Joint programme explanation

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The term joint programme is widely used but not clearly defined. The European University Association’s Guidelines for quality enhancement in European joint master programmes refers to joint programmes as:

“Programmes which are developed and implemented jointly by several institutions in different countries.”[1]

This definition focuses on development and implementation. It doesn’t focus on the programme as included in the definitions above. If we look at the definition of a programme included in the Lisbon Recognition Convention, there seem to be three essential elements that make up a programme: (1) a higher education curriculum with (2) co-ordinated elements (courses) which (3) leads to a degree. A joint programme is a programme of which the curriculum is coordinated and offered jointly by two or more institutions and which leads to a degree. That puts the focus on the joint offering or delivery and not necessarily on the development and implementation. In its Principles for Accreditation Procedures regarding Joint Programmes the European Consortium for Accreditation in higher education puts forward the following definition:

“A joint programme is a programme offered jointly by different higher education institutions irrespective of the degree awarded.”[2]

This definition is quite uncomplicated and seems to suit the reality of the European Higher Education Area. But it is perhaps too straightforward to capture the complex reality. A better definition for a joint programme can therefore be formulated. A joint programme is defined as follows:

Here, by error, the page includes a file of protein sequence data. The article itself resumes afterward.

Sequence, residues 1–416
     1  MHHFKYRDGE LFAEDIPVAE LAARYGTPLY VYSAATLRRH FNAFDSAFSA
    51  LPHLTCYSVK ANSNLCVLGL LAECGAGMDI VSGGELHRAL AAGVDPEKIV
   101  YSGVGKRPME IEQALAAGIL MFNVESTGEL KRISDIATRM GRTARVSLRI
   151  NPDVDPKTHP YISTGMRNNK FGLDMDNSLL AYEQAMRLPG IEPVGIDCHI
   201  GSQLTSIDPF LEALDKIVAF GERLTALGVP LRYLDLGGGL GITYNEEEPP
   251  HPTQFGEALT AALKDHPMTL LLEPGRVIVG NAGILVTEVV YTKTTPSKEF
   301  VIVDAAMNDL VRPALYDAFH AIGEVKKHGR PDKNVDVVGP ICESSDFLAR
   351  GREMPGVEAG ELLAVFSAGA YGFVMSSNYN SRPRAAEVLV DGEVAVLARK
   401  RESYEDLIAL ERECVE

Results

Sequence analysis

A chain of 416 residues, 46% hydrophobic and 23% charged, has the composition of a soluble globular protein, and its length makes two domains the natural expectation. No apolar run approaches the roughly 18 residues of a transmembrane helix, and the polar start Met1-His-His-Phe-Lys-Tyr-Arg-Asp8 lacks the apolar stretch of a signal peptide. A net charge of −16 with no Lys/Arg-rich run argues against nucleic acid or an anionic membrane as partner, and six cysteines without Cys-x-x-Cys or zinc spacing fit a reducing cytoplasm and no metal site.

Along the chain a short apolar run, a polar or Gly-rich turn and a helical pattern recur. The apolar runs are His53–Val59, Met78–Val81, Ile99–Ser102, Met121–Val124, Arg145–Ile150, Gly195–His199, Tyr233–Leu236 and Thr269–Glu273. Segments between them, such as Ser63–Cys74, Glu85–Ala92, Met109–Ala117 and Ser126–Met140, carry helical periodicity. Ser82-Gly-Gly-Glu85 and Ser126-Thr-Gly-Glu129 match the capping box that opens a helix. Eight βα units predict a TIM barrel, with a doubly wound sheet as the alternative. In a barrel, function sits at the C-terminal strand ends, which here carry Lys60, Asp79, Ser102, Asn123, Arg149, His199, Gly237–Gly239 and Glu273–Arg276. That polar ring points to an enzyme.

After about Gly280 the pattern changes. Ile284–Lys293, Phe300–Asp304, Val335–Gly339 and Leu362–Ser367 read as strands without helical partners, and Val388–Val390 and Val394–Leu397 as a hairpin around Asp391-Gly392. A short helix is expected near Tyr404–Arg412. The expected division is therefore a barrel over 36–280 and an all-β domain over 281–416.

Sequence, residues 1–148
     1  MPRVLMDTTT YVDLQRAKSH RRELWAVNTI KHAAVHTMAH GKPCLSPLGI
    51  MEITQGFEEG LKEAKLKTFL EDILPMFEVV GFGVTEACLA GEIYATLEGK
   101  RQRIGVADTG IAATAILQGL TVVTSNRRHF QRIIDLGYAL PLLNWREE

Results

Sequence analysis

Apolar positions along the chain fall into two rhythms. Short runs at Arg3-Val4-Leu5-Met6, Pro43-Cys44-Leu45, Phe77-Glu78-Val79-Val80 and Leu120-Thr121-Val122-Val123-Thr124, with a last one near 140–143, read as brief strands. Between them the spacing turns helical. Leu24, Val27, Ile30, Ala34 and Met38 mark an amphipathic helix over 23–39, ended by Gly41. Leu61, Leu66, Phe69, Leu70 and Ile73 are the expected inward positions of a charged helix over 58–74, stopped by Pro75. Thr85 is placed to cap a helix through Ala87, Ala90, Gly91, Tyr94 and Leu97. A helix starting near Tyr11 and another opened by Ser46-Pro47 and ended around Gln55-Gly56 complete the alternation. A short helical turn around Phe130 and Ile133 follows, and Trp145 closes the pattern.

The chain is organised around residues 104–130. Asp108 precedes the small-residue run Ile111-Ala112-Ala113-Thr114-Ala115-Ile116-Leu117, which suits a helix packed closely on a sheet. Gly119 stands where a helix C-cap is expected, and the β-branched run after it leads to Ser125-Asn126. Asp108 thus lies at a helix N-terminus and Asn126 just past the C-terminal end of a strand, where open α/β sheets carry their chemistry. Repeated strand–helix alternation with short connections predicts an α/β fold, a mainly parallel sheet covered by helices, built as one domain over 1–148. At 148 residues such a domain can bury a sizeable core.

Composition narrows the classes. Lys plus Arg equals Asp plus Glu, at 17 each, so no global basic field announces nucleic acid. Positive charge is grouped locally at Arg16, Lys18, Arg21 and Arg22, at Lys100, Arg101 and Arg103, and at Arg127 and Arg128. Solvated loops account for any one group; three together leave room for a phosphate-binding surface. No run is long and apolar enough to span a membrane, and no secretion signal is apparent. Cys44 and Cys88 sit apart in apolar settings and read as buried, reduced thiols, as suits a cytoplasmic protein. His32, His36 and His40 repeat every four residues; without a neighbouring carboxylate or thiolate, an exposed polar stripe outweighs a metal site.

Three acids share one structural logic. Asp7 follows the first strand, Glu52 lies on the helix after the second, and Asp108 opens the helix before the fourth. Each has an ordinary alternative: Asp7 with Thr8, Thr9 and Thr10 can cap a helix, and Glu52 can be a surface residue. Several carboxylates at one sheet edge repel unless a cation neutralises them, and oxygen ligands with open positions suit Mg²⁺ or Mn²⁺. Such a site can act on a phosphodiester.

“An integrated curriculum coordinated and offered jointly by different higher education institutions and leading to a (double/multiple or joint) degree.”[3]


Source

  • Aerden, A., Reczulska, H., 2013. Guidelines for Good Practice for Awarding Joint Degrees. ECA Occasional Paper. The Hague. p. 35.

See also

References

  1. European University Association. 2006. EMNEM - Guidelines for quality enhancement in European joint master programmes.
  2. European Consortium for Accreditation in higher education. 2007. Principles for accreditation procedures regarding joint programmes. p. 1
  3. Aerden, A., Reczulska, H., 2013. Guidelines for Good Practice for Awarding Joint Degrees. ECA Occasional Paper. The Hague. p. 11.